Are you getting your ROI on those one-day training programs?
Last week a gentleman called me from a large Sydney-based company. He wanted “cultural training” for his staff. “Why?” I asked. Six months ago his company had established subsidiaries in Brazil and Venezuela – their first foray outside Australasia. Things were going badly. Australian and New Zealand staff were leaving. Those remaining felt overwhelmed. The company was bleeding money.
I asked what he wanted to experience instead of this unwanted scenario. “That’s easy. I want my team to feel confident in their interactions with their South American colleagues. I want them equipped with appropriate virtual and face-to-face communication skills. I want them to get their South American colleagues and counterparts.”
He wanted to reduce the dramatic loss of staff and the departure of expertise in the company. Retraining was very expensive! Bottom line? He wanted these unexpected, unforeseen circumstances to go away. Soon.
I enquired about the length and type of training he had in mind. “One day,” was the answer. I then asked if he wanted awareness–raising or behavioural change. Mmmm. “Behavioural change.” So I put to him that in a one-day training he could realistically anticipate a shift in perspective for his team members. He could expect a greater awareness about their South American colleagues and why they communicate as they do. For example, his team members would likely realise that they were unconsciously resorting to their known, default communication style and that they could expand this and be more effective.
He could expect that in a one-day training they could gain some awareness of the motives and values of their South American colleagues and customers. However, he could not expect behaviours that had been laid down in his team’s physiology, in their muscles and nerves over years, to suddenly change as a result of a one-day training program.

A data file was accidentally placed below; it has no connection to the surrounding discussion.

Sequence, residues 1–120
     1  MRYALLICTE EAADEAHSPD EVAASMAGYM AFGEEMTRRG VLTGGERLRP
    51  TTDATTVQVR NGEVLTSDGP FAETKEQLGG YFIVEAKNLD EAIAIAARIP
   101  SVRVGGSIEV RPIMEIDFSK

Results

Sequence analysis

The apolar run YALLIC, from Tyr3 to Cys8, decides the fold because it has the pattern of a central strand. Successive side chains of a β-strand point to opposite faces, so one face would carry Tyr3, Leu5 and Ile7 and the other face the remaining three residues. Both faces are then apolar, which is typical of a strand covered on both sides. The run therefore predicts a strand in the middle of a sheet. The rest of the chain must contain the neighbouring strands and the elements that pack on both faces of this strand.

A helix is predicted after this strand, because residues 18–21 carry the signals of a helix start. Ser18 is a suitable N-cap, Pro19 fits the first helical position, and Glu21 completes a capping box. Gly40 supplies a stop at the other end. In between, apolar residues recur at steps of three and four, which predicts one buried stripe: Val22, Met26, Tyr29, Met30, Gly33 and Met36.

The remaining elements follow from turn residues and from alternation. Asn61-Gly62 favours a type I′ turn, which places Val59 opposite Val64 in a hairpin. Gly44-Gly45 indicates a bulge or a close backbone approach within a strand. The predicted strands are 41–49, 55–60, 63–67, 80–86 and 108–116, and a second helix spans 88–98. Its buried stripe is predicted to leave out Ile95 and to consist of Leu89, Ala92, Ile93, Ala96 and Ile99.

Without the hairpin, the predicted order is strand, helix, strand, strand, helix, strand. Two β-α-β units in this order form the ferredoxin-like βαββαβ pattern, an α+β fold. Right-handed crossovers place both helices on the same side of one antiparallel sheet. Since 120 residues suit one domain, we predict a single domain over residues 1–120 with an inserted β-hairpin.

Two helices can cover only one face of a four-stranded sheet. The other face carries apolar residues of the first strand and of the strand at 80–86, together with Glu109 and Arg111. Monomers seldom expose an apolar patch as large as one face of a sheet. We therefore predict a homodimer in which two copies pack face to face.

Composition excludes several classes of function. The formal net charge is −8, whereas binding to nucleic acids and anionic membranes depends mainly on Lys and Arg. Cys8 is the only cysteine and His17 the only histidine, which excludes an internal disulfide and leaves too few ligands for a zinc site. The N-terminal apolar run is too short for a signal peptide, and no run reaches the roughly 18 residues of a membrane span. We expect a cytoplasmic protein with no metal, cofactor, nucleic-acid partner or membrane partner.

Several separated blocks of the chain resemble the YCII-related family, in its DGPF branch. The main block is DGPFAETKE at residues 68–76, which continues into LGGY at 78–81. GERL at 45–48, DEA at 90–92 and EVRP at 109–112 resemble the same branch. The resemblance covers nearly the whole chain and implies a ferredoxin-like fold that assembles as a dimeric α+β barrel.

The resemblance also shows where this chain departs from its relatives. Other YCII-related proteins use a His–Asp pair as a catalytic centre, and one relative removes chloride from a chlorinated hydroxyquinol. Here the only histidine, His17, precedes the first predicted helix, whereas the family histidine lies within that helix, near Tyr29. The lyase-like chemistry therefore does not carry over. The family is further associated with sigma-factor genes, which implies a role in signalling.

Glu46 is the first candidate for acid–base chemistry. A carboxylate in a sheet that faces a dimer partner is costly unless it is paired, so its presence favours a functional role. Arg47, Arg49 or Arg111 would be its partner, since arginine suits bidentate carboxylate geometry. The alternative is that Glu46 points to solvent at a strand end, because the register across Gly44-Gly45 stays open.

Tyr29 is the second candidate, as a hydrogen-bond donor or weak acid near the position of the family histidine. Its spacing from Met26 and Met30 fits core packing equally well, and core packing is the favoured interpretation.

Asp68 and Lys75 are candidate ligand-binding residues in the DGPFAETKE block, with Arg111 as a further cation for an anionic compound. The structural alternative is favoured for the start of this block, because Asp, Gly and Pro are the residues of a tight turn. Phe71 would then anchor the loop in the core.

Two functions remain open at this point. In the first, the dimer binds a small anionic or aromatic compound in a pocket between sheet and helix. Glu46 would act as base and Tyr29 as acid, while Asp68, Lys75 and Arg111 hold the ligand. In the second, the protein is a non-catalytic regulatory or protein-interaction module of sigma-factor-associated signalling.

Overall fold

Awareness-raising or culture change?
This week he rang me again. It was a different conversation. He wants to opt for a different training model; one that results in long-term behavioural change; change brought about ha-bit by ha-bit, using peer accountability. He wants his team to participate in the initial one or two-day program, and then go away with a specific new communication skill they each commit to applying in their work context over a month. He wants his team members to be accountable to a dedicated peer-learner, one of their co-workers, who is also applying the same skill. He wants me to meet with his team for a 90-minute session either face-to-face or online once a month over the next six months. In these sessions, team members will be sharing the impact of what they are practicing, what they are applying.
He is opting for culture change in his organisation. He is opting for sustainable behavioural change.
So we can take advantage of the last 17 to 20 years of the insights from the neurosciences and behavioural sciences. We can opt to think differently about opportunities for our staff such that they want to stay with us and contribute their highest value.
As you plan for the next training for yourself or your team, what is your next training going to achieve? Will it be the hare or the tortoise? Awareness-raising or culture change?
[Image courtesy thedrum.com]